On February 14th almost all MLB pitchers and catchers will report to Spring Training but the question is, how many of them will be there or how many will be sitting out. An MLB Agent by the name of Brodie Van Wagenen released a statement about the frustration of the players with the owners and general managers. The statement itself pertains mostly to the crippled relationship between players and owners this offseason and the possibility of a Strike. He claims that there are either one of two things happening; owners are simply undervaluing them or that there is a lack of funds throughout the league due to the rising salaries which could eventually cause the players to go on a strike.
A rising tide… @MLB_PLAYERS pic.twitter.com/jwkoiiI0yt
— Brodie Van Wagenen (@bvanwagenen) February 2, 2018
The unsettling part of Van Wagenen’s statement is found at the end when he voices the imminent threat of a strike. He indicates that a boycott of Spring Training could happen if things do not change.
One of the largest issues the players have is feeling undervalued by teams this offseason. For example, outfielder, J.D. Martinez, entered free agency this year asking for $210 million over seven years. But on January 17th, the Boston Red Sox offered Martinez a deal structured to be a five-year, $100 million dollar deal. This shows how the players feel they are undervalued, it would seem like the Red Sox undercut him by about $100 million.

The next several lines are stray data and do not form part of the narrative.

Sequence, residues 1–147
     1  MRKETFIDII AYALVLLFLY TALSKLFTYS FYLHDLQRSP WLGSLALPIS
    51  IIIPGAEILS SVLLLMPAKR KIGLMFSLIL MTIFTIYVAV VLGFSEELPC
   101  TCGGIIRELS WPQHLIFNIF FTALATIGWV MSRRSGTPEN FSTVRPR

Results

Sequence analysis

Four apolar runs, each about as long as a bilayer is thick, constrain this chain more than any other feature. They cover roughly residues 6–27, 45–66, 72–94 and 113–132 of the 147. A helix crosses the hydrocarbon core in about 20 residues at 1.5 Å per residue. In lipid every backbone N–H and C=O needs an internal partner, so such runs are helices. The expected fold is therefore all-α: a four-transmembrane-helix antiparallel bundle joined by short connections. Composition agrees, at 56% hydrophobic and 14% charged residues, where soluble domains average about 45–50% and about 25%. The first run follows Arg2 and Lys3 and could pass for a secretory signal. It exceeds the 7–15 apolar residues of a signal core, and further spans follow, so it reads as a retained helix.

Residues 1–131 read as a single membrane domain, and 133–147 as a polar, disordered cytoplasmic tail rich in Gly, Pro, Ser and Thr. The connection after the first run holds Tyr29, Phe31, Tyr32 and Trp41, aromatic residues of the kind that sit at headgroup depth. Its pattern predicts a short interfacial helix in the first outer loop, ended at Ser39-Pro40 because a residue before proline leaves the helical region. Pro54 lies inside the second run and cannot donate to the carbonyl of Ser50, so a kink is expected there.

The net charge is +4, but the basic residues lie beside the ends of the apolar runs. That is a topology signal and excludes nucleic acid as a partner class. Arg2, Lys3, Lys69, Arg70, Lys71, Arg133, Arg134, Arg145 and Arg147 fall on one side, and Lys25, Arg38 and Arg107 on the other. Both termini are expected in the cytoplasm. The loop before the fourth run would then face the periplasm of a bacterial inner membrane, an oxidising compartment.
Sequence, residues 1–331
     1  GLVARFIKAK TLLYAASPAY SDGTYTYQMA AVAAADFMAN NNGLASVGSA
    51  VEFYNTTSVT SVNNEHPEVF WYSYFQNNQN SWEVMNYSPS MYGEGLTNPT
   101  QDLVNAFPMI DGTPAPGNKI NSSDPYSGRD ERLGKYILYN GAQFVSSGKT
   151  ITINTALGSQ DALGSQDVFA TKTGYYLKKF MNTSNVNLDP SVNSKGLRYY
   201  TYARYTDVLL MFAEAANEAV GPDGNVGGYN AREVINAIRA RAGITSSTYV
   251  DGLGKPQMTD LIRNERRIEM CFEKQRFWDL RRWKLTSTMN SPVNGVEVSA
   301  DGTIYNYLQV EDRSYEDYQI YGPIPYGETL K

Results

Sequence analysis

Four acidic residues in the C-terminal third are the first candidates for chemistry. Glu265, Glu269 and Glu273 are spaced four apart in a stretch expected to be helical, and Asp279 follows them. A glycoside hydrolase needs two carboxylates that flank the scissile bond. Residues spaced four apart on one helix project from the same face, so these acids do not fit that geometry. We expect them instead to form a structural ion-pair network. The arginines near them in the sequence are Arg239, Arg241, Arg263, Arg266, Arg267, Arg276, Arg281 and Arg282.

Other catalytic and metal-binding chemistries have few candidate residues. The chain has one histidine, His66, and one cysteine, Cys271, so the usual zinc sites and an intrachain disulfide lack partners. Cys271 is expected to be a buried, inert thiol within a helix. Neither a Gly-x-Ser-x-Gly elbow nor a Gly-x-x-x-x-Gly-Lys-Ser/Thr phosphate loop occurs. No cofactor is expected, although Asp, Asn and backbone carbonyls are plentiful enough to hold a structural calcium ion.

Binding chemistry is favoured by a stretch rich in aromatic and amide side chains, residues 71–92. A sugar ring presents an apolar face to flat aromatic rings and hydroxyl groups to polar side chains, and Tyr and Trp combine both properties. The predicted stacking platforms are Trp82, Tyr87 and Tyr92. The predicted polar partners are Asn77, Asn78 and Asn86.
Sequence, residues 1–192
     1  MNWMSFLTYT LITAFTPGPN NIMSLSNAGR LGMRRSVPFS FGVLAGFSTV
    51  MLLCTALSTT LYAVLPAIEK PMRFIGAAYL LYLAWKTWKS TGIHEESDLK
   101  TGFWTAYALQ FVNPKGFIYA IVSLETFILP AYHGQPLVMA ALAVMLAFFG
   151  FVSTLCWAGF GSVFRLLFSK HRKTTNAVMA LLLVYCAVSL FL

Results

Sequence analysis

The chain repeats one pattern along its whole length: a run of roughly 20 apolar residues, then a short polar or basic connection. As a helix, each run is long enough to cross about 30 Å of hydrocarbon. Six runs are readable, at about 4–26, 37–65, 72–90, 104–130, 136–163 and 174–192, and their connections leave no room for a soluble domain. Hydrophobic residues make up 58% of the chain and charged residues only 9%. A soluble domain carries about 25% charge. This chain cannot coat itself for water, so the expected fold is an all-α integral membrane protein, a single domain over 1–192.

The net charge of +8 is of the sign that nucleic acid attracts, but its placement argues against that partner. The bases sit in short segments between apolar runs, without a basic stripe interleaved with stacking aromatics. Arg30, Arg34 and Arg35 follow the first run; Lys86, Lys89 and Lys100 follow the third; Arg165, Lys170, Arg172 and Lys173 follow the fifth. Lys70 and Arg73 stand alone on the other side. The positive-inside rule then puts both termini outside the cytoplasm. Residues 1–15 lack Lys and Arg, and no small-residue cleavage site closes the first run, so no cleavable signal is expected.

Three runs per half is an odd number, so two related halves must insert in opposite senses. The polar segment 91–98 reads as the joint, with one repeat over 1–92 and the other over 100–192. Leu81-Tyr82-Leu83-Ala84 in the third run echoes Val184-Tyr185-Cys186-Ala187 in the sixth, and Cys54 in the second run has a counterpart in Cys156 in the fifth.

Sticking with the Martinez example, the other side of the debate these low offers are because of a lack of funds. Simply, as previously stated, Martinez feels he is worth $200 million whereas his offer was only around $100 million because Boston feels his value is $100 million. The question is whether Boston feels his value is $100 million or is it that Boston can only afford to give Martinez $100 Million. This is what the league’s agents and players need to figure out before any further actions are taken.
Van Wagenen is not the only one who has hinted or indicated the idea of a player strike. Ken Rosenthal of The Athletic professed the idea of possible claims of collusion against the owners. If the players can provide evidence to formulate an argument, they could very well hold a strike and end up taking the owners to court. The one thing that is holding the players back from a strike is simple, it violates the Collective Bargaining Agreement (CBA) between the players union and the owners. According to Rosenthal, an organized action would be considered an unlawful strike because of the agreed terms of the CBA from last year.
In the same sense, as much as an organized strike is considered to be unlawful players may sit-out Spring Training independently to show the owners their true frustration. The players are trying to ensure owners are truly going to fix this ever crippling relationship between the players and the front offices.